Running or Strength training? Does it has to be Black or White?
Running has increase in popularity in the past few years. It seems like even the most sedentary person are putting the effort to run a 5 km. I think this is a very good news. No matter if you like it or not, the more active the population will be, better will be the impact on their health.
Let me ask you a question: What do you think is best to get fit or to lose weight? Endurance training like running or cross skiing or heavy strength training? Do you believe that you need to sweat like crazy and be constantly doing “cardio” to drop pounds?
In fact, this as been a debate for many decades now. I won’t go into full detail researches because my point today is not to prove you that one or the other is the only way to get fit and healthy. Unless you are an elite athlete, and even there, I believe the best option is to find the right balance between the 2. I’ve found on myself that strength training combine with short distance running (100 m to 400 m) works the best for my body composition. The good news with this is I was also able to run a 10 k’s at a good pace without being exhaust. I don’t really enjoy running it but still …
The point behind my personal story is simply to show that you don’t need to run 10 k’s over 10 k’s to become faster at it. Even if you are running marathons. It’s essential to get a weekly planning that will include strength training. This way you’ll get leaner (less friction from fat on your body will also help to improve the range of motion), stronger, and of course more effective on every stroke. An adapted strength training plan will also re-balance your body due to the repetitive activities. So to all the long distance runners… You won’t look like a douchebag and become heavier if you start including weight training into your routine!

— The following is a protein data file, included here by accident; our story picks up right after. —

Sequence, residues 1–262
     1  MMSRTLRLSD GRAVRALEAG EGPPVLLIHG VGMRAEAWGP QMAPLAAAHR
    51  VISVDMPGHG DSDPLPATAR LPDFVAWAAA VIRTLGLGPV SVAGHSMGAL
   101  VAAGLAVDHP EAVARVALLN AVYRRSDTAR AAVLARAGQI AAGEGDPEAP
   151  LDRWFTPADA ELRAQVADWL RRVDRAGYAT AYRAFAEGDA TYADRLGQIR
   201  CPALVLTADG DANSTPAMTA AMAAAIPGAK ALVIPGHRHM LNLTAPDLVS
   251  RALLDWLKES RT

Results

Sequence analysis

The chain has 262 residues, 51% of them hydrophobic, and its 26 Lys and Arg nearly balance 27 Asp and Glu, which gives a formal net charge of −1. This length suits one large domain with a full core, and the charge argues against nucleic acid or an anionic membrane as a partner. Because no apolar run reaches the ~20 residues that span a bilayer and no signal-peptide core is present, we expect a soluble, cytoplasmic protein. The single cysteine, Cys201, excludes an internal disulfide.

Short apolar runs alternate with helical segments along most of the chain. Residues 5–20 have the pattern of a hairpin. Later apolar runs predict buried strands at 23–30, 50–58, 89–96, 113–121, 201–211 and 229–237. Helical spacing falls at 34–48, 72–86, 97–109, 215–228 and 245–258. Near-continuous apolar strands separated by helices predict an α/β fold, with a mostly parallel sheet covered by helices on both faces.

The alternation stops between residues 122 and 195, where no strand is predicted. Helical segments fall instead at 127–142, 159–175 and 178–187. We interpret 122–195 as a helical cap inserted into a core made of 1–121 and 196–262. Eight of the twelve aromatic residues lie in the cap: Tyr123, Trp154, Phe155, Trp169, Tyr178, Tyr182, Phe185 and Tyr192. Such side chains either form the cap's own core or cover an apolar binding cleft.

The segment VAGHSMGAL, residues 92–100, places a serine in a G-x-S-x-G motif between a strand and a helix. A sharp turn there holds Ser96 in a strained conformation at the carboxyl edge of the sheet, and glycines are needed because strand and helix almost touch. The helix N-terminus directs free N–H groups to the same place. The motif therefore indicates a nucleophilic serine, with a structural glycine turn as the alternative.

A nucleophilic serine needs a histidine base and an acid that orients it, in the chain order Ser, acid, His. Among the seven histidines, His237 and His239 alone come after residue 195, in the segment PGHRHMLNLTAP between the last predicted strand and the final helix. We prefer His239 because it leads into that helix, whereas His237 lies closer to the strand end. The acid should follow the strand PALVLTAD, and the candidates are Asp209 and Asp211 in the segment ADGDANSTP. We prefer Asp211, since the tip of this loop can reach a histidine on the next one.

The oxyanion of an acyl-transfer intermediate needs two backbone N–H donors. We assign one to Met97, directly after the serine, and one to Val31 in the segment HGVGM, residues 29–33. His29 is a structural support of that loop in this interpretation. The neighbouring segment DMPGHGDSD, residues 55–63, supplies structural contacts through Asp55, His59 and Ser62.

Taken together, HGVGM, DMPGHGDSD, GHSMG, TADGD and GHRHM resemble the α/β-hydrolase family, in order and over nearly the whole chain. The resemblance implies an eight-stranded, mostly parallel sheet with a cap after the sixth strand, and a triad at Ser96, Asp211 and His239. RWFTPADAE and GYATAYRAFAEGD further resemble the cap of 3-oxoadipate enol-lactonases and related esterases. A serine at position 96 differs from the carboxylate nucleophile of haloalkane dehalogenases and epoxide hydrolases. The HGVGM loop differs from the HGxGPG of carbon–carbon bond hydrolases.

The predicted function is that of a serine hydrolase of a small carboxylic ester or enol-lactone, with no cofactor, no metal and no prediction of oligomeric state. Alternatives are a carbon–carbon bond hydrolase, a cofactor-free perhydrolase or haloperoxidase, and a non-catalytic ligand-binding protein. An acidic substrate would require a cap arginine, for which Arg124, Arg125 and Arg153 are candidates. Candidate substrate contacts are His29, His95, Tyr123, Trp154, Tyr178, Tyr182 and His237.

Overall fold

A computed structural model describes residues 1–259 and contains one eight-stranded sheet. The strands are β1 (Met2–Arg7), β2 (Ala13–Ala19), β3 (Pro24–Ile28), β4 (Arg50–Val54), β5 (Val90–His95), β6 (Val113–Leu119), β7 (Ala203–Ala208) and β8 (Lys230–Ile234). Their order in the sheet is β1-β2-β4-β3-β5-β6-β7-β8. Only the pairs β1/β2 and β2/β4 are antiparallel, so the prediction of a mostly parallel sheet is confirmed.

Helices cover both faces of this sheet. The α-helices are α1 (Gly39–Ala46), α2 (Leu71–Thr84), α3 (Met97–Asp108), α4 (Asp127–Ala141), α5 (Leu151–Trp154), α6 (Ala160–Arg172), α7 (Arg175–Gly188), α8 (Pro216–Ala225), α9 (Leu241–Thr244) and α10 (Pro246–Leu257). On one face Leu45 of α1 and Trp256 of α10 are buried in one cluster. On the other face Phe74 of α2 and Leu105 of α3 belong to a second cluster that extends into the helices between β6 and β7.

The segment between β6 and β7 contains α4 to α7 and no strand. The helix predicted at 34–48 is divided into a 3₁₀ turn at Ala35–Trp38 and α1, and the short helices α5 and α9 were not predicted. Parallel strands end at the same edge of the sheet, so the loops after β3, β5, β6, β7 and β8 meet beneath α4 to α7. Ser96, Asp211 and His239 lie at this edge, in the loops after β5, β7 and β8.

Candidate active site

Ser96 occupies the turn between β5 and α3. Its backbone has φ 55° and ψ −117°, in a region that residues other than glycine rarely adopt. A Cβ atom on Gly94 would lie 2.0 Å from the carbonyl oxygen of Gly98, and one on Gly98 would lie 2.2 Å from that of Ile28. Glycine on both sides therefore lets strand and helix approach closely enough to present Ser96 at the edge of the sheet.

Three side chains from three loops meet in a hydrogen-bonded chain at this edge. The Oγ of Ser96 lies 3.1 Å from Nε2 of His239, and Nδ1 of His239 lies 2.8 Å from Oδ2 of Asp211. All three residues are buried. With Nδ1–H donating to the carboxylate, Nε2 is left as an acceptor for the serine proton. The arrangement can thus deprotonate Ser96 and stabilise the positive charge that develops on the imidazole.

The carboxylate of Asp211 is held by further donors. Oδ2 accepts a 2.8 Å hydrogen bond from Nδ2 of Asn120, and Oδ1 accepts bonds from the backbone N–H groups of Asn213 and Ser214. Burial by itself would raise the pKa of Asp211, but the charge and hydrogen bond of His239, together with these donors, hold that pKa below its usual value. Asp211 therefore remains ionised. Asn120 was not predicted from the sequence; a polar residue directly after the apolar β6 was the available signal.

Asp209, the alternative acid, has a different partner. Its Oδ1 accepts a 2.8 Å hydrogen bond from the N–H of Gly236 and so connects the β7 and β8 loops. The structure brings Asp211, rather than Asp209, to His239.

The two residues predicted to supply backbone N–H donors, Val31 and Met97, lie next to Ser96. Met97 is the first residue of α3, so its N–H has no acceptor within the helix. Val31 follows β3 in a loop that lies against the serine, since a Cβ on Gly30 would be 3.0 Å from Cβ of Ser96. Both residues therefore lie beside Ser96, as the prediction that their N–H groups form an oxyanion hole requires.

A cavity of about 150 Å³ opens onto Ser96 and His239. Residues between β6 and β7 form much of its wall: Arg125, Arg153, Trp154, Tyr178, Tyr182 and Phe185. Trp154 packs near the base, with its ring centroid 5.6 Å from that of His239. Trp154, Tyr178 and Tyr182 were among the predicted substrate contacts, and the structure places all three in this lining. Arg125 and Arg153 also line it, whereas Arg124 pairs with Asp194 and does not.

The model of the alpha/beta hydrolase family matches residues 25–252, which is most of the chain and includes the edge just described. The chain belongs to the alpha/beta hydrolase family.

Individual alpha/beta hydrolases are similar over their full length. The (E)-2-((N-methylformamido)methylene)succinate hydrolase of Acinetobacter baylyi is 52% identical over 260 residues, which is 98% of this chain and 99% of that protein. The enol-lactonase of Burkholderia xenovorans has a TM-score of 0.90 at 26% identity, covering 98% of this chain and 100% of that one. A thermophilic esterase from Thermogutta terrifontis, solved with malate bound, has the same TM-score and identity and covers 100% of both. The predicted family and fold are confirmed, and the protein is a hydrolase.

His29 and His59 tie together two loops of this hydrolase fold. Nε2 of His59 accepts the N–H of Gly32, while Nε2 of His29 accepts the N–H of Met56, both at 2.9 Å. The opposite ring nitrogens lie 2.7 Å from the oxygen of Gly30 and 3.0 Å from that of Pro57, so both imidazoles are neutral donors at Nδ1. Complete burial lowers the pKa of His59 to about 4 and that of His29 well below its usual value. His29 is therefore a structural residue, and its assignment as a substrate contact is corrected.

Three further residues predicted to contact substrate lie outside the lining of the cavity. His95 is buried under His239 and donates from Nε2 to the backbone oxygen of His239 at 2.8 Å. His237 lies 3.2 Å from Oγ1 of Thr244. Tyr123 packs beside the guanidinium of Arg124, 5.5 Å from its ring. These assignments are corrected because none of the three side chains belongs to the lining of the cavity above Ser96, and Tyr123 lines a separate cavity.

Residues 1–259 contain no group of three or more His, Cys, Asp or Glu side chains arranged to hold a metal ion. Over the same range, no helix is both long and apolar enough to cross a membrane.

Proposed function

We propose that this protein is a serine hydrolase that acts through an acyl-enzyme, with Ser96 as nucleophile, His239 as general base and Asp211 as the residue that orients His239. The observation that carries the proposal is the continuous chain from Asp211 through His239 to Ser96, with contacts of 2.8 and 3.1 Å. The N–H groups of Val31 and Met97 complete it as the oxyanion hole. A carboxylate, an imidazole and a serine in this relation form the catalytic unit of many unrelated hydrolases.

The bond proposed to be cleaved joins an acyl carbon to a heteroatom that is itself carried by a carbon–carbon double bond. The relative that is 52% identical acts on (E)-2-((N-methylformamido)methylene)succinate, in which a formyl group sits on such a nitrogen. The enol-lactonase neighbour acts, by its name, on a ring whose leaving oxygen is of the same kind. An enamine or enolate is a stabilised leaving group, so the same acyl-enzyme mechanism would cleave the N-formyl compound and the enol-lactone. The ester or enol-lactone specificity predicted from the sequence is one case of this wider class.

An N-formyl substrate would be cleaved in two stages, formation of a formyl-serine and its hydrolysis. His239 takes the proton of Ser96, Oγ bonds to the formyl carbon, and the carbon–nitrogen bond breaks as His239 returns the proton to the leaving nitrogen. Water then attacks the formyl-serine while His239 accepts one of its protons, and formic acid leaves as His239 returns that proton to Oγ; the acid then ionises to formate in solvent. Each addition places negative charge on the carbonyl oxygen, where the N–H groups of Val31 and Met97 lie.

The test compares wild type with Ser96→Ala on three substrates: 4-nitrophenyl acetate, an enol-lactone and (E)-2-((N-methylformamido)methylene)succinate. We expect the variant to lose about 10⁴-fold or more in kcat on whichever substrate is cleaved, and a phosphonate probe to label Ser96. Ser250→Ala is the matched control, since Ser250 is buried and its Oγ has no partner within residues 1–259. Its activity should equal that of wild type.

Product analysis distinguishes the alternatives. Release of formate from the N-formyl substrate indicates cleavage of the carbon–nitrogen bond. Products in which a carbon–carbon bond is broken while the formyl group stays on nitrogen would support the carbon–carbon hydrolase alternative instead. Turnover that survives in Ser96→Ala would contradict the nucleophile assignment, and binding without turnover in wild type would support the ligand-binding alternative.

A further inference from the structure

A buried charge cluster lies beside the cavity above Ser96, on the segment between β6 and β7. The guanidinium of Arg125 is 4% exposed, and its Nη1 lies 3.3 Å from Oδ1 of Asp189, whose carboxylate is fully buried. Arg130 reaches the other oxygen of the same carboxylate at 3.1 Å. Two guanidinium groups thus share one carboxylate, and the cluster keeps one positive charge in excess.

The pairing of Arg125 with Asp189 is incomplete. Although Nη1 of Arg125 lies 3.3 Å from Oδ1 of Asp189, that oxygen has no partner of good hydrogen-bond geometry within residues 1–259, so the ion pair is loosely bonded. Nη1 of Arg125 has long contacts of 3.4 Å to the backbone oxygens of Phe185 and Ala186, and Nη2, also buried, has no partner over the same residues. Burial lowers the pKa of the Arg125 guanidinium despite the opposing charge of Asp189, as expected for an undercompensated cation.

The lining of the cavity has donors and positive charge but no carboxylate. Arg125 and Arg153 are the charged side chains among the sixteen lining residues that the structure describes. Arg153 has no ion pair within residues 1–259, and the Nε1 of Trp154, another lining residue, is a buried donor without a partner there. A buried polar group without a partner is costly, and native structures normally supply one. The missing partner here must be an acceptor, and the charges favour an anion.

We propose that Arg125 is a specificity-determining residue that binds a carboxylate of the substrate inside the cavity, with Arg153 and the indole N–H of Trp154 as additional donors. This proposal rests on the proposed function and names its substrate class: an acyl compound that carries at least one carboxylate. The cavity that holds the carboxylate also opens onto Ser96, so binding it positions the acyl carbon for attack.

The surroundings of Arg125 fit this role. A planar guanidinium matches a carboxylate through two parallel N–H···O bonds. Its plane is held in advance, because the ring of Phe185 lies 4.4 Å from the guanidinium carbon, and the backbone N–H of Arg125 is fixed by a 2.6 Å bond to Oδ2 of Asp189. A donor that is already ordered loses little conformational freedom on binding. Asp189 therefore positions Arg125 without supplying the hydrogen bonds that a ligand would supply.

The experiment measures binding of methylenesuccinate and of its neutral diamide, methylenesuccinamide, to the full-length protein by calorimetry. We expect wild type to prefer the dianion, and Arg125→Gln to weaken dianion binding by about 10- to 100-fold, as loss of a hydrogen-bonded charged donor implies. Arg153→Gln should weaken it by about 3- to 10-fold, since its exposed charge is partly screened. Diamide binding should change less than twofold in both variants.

There’s an aspect I need to clarify. For myself, strength training is not the goal itself. It’s part of the working process to stay away from injuries and to improve yourself to a better “athlete” and become better at what you love to do!
I have a friend who’s a very good surfer and he also hates the gym. No matter what, at around 40, he decided to start a strength training program. He was amazed about the benefits of getting stronger. He was able to paddle faster, so he was not only getting more waves while out paddling other surfers in the line up, but with stronger legs and core, he was much aggressive on both, bottom and top turns. Indirectly, by becoming a better athlete, the training helped him to improve is surfing. This example can be apply to any sports!
If you’re a gym rat, this doesn’t mean that you should stay away from running or other endurance activities. Most of them are performing outside. I’m not an “air specialist” but normally the air is better outside than in a rubber floor training room. Running will help not only trigger your body from a totally different angle. It will constantly required an adaptation to stay efficient. Back in Bc, I was surprised about how many ultra trail runners were out there. You have to be mentally strong to go out on a Sunday morning and run a 50 miles in the mountains! Big respect!!!
Has you can see there’s no black or white answer. Both have their place to stay fit and healthy. Go ahead and find a good coach that set the right planning and the right diet to maximize the benefits and keep you away from injuries.
Continue to enjoy your favorite activity and stay healthy!